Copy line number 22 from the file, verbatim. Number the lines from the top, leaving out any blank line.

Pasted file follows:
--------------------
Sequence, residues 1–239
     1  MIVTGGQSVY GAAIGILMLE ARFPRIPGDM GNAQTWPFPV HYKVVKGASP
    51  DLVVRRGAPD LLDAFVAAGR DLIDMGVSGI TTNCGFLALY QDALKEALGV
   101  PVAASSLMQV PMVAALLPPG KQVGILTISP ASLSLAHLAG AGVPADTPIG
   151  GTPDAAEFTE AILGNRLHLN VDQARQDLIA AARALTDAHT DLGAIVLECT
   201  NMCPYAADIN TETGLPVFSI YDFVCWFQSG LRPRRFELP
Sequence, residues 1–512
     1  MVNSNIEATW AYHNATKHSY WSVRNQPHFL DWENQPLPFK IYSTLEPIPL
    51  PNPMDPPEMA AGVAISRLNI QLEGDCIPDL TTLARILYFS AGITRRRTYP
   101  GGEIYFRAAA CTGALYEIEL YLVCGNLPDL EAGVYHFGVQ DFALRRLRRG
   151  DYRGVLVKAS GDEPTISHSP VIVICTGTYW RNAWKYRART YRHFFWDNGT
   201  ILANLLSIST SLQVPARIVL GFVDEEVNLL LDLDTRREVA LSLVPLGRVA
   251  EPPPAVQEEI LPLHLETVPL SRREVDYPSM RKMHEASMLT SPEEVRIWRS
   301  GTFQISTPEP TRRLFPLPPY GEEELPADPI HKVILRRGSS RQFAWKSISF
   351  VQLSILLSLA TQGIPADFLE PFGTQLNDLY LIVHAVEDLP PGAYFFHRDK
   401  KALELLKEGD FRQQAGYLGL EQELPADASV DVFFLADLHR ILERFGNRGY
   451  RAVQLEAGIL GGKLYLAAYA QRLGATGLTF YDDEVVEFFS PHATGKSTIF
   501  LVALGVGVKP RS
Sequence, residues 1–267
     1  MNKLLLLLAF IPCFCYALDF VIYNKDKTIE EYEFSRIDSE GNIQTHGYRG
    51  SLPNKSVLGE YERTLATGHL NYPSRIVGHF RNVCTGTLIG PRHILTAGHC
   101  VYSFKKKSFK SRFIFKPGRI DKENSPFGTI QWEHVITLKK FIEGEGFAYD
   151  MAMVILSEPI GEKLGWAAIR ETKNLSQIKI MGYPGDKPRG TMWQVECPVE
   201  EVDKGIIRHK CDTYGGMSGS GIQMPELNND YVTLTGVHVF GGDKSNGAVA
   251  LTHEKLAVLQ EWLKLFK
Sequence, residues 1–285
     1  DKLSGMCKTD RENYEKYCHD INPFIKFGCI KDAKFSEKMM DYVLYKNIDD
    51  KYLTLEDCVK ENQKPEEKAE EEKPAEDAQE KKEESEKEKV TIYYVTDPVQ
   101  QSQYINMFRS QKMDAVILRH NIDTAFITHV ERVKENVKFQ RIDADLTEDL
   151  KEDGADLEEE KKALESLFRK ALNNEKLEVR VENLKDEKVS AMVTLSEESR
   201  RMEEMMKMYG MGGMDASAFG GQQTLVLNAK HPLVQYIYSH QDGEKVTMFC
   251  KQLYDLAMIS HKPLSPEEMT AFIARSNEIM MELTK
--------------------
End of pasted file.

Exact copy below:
   101  VYSFKKKSFK SRFIFKPGRI DKENSPFGTI QWEHVITLKK FIEGEGFAYD